Secureworks experts have found that Chinese hackers from two groups that specialize in espionage and theft of intellectual property from Japanese and Western companies use ransomware to hide their actions.
Let me remind you that we also wrote that Chinese Hacker Group Revealed after a Decade of Undetected Espionage, and also that Chinese Hackers Attack 0-day Follina Vulnerability.
Analysts write that the use of ransomware in spying campaigns allows hiding traces, complicate the attribution of attacks and distracts the attention of IT specialists of the victim company. In addition, in this way the theft of confidential information is disguised as financially motivated attacks.
A similar disguising method is practiced by Bronze Riverside (APT41) and Bronze Starlight (APT10). Both use the HUI loader to deploy remote access Trojans, PlugX, Cobalt Strike, and QuasarRAT.
Starting in March 2022, the Bronze Starlight group used Cobalt Strike to deploy ransomware (including LockFile, AtomSilo, Rook, Night Sky, and Pandora) on their victims’ networks, according to researchers. These attacks also used a new version of the HUI loader, which is able to intercept Windows API calls and disable Event Tracing for Windows (ETW) and Antimalware Scan Interface (AMSI).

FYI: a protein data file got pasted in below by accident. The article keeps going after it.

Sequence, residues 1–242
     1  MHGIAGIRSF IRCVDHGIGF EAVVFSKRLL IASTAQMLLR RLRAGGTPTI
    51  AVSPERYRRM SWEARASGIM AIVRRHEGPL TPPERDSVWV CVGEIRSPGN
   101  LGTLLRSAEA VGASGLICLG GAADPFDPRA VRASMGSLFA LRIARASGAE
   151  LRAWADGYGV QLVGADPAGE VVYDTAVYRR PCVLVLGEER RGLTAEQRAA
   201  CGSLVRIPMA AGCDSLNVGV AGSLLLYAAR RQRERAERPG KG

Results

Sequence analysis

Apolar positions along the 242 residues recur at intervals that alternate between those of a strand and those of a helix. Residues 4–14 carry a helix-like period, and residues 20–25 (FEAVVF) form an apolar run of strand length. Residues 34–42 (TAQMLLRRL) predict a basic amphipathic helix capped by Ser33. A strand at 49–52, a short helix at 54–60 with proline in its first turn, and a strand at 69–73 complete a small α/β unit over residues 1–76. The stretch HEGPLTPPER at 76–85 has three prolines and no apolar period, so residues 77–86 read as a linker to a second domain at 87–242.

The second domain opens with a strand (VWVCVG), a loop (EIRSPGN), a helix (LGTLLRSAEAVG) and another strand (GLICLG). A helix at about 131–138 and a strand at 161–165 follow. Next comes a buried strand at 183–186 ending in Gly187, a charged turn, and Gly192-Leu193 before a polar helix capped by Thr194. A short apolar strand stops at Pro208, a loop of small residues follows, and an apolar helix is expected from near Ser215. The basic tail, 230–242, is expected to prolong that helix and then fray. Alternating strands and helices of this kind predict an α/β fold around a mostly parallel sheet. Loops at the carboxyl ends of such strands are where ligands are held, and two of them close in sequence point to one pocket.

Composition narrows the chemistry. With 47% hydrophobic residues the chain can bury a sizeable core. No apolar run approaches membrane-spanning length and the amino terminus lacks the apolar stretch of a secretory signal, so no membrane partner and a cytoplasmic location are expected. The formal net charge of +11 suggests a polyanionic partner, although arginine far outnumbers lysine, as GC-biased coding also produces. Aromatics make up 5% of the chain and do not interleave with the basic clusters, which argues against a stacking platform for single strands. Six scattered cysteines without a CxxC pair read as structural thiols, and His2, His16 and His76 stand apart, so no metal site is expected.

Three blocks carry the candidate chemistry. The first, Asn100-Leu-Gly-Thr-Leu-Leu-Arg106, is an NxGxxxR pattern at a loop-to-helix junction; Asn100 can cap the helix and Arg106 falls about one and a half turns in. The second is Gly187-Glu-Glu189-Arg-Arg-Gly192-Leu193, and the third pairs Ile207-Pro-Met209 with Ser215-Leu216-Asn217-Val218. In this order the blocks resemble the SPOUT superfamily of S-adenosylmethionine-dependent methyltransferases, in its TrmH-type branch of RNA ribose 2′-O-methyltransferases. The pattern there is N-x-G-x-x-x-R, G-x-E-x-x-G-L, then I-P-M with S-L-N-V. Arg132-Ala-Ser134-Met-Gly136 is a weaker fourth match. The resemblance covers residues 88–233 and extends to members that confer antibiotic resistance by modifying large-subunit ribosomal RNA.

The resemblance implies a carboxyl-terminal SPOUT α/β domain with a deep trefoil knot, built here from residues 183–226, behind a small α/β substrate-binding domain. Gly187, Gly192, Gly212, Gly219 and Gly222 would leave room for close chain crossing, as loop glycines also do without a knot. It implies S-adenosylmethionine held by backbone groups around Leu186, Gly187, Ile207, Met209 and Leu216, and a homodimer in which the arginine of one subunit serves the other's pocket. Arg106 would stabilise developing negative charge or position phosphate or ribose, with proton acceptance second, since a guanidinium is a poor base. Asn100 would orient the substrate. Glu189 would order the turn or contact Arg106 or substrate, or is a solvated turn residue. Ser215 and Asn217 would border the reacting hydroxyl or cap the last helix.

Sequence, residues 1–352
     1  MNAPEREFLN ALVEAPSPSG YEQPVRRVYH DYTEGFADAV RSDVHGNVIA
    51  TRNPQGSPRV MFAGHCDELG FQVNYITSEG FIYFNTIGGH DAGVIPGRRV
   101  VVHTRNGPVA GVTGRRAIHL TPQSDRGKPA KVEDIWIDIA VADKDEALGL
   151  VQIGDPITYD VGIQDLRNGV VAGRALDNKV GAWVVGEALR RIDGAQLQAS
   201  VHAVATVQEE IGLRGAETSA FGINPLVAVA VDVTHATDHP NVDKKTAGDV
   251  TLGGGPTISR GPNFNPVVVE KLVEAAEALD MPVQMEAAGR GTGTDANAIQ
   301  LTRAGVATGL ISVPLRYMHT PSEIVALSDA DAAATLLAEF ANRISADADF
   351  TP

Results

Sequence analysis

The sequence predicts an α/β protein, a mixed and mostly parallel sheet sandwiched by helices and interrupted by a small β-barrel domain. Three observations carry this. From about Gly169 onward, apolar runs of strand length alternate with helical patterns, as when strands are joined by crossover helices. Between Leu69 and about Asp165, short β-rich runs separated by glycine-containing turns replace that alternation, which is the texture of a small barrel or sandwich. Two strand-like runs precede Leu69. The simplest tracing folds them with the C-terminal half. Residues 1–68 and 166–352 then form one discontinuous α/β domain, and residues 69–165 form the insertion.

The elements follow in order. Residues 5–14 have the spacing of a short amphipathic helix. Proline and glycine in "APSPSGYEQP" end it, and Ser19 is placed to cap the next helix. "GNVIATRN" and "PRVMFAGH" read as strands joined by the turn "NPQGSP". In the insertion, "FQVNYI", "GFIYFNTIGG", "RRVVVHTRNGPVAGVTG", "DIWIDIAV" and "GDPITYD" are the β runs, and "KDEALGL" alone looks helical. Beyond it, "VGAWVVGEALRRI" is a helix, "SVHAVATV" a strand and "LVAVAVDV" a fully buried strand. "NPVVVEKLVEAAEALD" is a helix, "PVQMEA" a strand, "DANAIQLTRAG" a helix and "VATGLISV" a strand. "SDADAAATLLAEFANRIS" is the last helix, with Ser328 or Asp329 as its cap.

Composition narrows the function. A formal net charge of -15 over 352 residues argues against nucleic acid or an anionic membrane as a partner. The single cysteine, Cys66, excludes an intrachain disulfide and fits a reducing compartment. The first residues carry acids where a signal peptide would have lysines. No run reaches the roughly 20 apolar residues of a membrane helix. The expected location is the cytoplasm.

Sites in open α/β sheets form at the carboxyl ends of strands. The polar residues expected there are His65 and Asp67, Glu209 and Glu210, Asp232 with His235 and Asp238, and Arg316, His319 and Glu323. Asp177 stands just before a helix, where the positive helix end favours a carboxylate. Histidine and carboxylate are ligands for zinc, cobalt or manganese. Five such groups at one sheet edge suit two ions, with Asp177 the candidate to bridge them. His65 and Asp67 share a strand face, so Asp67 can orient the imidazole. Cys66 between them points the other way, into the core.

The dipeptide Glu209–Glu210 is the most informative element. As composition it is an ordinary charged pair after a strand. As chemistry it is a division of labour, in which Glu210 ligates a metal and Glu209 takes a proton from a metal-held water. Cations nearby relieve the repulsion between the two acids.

Studying the configuration of Cobalt Strike beacons in three different attacks using AtomSilo, Night Sky, and Pandora malware revealed a common control server address for them. It is also noted that this year the same source was used to upload samples of the HUI bootloader on Virus Total.
It is noted that in the studied cases, the activity of LockFile, AtomSilo, Rook, Night Sky and Pandora was unusual when compared with ordinary financially motivated ransomware attacks. So, the attacks were aimed at a small number of victims, lasted a short period of time, and then the hackers completely abandoned the project and moved on to the next one.
Secureworks writes that Pandora and the latest version of the HUI loader have code similarities. LockFile and AtomSilo also look similar, while Night Sky, Pandora, and Rook are based on the Babuk malware source code, but also have a lot in common.
Experts summarize that Bronze Starlight clearly has no difficulty creating short-lived ransomware variants that are only needed to disguise spying operations as ransomware attacks and complicate attribution. The fact is that the studied ransomware is based on publicly available or leaked source code, and Chinese hackers are known for willingly sharing tools and infrastructure with each other. That is, in such cases it is extremely difficult to track attribution, possible connections, and speak with confidence about any conclusions.